Social Media, Social Discord

Apr 16, 2021

“What we’ve seen happening is the acceleration of the spread of hate, based on political leadership, on political conversation, on groups who have an agenda to spread that hate.” — Sarah Durieux

“If it’s human relationships that so often get people into a place where they are perpetrating harm to the world, it is so often going to be human relationships that can get people out.  — Vidhya  Ramalingam

 

The world has always been divided between haves and have-nots; between the rich and the not-rich; between those with power and the powerless. Democracy was supposed to close those gaps, empowering the majority who, presumably, would insist on greater equity, equality, and opportunity. Fast forward to the 21st century when ubiquitous information technology has widened at least the perception of those gaps, facilitated rising partisanship, and amplified the voices of extremists, even of people whose pathologies drive them to violence. One result is a widespread perception of growing extremism and hate, which damages democracy.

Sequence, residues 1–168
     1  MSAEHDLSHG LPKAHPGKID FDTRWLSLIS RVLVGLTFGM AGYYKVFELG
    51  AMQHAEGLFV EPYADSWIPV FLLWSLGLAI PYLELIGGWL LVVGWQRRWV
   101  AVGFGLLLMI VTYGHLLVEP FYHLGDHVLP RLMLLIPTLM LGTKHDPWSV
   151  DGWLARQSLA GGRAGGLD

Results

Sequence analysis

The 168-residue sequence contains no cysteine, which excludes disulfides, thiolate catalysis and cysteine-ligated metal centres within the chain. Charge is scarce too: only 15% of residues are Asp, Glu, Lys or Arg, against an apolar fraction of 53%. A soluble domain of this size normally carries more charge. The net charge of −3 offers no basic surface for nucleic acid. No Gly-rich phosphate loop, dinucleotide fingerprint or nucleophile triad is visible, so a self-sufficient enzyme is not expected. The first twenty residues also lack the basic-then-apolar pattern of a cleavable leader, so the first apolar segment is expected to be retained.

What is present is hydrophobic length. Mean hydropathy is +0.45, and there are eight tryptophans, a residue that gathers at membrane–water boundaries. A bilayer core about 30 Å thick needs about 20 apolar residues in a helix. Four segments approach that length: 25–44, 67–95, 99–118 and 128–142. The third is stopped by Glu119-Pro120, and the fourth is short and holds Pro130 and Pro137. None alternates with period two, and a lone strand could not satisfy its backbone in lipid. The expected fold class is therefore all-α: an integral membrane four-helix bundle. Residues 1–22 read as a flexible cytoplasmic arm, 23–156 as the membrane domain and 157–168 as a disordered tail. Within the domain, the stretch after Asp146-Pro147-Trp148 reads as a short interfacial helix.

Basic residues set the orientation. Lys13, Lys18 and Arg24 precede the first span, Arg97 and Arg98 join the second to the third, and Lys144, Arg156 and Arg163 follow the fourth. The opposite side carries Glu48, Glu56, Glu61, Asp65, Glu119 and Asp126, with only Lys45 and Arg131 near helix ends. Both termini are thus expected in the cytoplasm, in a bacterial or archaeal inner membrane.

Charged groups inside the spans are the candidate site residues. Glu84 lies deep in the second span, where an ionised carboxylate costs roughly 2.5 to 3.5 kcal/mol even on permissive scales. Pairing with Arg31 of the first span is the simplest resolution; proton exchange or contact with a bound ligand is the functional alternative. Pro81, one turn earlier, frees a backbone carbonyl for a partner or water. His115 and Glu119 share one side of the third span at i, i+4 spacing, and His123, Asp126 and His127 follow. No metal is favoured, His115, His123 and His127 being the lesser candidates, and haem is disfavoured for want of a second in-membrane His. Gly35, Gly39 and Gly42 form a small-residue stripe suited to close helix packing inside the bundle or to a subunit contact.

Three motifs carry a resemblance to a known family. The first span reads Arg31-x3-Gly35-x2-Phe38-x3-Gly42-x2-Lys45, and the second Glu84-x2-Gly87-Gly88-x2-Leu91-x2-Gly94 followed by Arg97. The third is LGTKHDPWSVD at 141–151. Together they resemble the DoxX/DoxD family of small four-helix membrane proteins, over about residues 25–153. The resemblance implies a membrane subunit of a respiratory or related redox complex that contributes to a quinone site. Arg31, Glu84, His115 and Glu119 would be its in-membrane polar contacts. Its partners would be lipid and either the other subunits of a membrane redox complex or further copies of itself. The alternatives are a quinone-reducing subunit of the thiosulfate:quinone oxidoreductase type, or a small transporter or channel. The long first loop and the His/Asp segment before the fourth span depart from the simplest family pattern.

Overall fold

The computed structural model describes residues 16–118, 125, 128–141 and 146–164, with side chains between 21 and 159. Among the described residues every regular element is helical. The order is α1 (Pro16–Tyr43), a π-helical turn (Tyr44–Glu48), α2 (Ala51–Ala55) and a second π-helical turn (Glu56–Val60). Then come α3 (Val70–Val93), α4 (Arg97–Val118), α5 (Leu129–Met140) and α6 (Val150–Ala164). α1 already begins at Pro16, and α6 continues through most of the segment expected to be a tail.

“I don’t think that technology creates those problems,” says Sarah Durieux of Change.org. Technology “accelerates them, but it can also accelerate the resolution of the problems… the Internet has just completely transformed the ways in which humans form relationships; it’s allowed hate to flourish in entirely new ways,” she adds.

Vidhya Ramalingam, who leads an organization that uses technology to disrupt and counter violent extremism, also recognizes that tech can be misused: “We are seeing a scale of ‘online harms’ that we have never seen before.” Nonetheless, she insists “I’m hugely optimistic about the possibility for society to use technology, to really fix a lot of the harm we’re dealing with today.”